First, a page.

In the middle is the Play:3 which will fill larger rooms but still isn’t too big so can be tucked away on a shelf etc. Like the Play:1 you can wall mount the speaker if you want and you can also stand it on end. The Play:3 is the best Sonos speaker for the lounge unless you want to use it with the TV (see the Playbar below)
If you want to go big, the Play:5 has just been updated with a new design, touch sensitive controls and better sound quality. It is suitable for filling the largest of rooms making it the best Sonos speaker for big lounges and similar rooms. It, along with the Play:1 and Play:3, can be made into a stereo pair if you buy two.
Moving onto the home theatre options which start with the Playbar; Sonos’ soundbar which is made for TVs. It’s one of the best wireless speakers for TV because it looks great, can be controlled with your existing remote (via Infrared) and sounds excellent with its three-channel system.
If you want to make it a 3.1 system for more of a cinema style experience then the Sonos: Sub. It’s big and heavy but isn’t the kind of subwoofer you want to hide away behind the TV stand and it really does pack a punch.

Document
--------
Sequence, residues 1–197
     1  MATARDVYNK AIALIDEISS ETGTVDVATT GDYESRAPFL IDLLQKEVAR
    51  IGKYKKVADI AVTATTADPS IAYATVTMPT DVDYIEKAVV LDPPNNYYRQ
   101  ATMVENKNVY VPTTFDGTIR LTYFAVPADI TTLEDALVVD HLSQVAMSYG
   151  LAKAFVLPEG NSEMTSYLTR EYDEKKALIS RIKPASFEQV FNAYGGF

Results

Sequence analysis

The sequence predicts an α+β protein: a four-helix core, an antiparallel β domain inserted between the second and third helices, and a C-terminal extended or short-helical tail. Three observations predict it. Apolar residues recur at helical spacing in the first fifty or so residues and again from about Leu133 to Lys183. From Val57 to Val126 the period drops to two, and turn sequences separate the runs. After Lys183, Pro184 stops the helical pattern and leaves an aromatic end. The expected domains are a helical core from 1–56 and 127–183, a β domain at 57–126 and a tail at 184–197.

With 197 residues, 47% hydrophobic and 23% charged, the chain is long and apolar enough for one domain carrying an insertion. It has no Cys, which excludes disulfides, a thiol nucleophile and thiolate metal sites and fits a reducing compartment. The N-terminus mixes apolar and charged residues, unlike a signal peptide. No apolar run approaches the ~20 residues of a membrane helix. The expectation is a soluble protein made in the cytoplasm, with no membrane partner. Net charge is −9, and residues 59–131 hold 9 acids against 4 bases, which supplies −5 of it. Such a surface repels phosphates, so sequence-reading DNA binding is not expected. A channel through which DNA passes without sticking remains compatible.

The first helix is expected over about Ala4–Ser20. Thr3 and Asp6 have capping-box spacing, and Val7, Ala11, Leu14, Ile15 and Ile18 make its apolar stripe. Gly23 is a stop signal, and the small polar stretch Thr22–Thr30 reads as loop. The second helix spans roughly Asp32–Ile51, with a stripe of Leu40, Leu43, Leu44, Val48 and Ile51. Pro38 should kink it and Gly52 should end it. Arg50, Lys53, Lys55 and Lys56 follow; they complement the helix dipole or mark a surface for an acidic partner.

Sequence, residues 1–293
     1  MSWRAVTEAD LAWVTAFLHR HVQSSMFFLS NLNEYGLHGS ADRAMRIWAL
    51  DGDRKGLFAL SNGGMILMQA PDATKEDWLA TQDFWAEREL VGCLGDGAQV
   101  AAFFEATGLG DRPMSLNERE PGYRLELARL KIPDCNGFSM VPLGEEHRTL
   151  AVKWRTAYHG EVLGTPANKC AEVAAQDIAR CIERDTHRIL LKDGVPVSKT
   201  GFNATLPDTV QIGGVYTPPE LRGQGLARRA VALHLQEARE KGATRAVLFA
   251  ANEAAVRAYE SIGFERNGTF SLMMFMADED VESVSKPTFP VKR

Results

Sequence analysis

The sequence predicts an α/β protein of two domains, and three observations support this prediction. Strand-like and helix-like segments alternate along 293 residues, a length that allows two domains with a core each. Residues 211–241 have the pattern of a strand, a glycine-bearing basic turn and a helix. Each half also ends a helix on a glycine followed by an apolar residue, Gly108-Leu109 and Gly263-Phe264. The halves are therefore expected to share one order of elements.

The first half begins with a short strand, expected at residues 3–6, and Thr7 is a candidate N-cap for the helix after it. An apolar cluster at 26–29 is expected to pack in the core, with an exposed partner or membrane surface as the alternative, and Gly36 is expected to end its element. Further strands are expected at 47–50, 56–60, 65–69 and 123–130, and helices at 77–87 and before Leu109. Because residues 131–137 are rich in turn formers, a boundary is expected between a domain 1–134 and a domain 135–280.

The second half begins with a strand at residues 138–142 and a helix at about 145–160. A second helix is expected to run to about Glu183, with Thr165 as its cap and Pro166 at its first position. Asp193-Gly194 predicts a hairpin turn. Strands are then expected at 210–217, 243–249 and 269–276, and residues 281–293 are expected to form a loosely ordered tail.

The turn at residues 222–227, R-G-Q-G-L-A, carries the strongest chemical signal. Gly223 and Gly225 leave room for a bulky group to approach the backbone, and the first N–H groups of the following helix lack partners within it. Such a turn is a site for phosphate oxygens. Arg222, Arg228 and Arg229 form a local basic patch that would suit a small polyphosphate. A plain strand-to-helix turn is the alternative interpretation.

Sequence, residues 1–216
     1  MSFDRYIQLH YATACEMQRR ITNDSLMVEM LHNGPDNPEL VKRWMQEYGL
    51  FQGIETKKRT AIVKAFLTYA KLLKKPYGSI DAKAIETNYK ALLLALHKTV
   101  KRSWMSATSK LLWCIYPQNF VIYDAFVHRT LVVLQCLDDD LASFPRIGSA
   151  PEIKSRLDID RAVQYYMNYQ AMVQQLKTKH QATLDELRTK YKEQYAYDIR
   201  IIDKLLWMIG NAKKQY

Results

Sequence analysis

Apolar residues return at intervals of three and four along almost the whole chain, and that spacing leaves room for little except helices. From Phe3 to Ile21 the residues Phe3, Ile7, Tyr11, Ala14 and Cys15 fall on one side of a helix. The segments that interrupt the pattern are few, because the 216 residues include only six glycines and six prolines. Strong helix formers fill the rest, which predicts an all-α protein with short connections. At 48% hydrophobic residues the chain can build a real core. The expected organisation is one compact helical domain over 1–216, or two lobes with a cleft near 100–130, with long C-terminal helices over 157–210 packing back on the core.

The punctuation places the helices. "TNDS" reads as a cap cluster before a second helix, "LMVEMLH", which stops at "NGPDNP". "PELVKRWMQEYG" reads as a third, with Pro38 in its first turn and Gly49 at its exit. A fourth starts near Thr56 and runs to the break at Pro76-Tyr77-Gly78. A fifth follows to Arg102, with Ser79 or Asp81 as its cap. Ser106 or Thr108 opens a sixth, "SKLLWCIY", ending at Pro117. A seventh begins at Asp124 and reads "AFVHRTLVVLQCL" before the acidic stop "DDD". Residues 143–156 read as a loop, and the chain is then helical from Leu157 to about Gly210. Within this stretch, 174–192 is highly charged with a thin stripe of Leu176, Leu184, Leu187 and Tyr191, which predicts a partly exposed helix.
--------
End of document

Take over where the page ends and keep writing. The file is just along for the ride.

Although the Sub is designed to be paired with the Playbar, you can actually match it up with the other speakers in the range and the Connect:Amp. As mentioned earlier, the regular Sonos speaker range can be used a rear surround speakers to create a wireless 5.1 home theatre.
At £169 the Play:1 is compact, versatile and smashes the price barrier to the world of Sonos which previously existed. Amazingly, this speaker retains the excellent build quality and sound quality with which we’ve come to expect.
Read our Sonos Play:1 review.
Aside from the lack of High-Res support, there’s very little to dislike about the new Play:5. It looks great and sounds awesome with plenty of power on offer. We like the new touch sensitive controls, the wide range of streaming services on offer and a decent app which now has Trueplay. It’s another set of high marks.
Read our Sonos Play:5 (2015) review.
The Sonos Play:3 is a really impressive network music player that is ideal for music fans with smaller homes to fill with sound. For £259 you have an incredibly flexible music system that lets you choose from among millions of tracks as well as the contents of your locally-stored music and iTunes library.
Read our Sonos Play:3 review.
The Sonos Playbar is a superb soundbar. Not only is it sleek and well-built, but it also provides unparalleled sound with plenty of extra features which make it even more desirable. We can’t fault the Playbar, but the high price will put it out of reach for some.
Read our Sonos Playbar review.
The Sonos SUB integrates into existing Sonos systems seamlessly, adds some welcome bass power, and transforms a good audio setup into a great one. We think its £599 retail price is a little expensive, and it does drive up the cost of an already-pricy Sonos setup – but we think it’s well worth it.
Read our Sonos SUB review.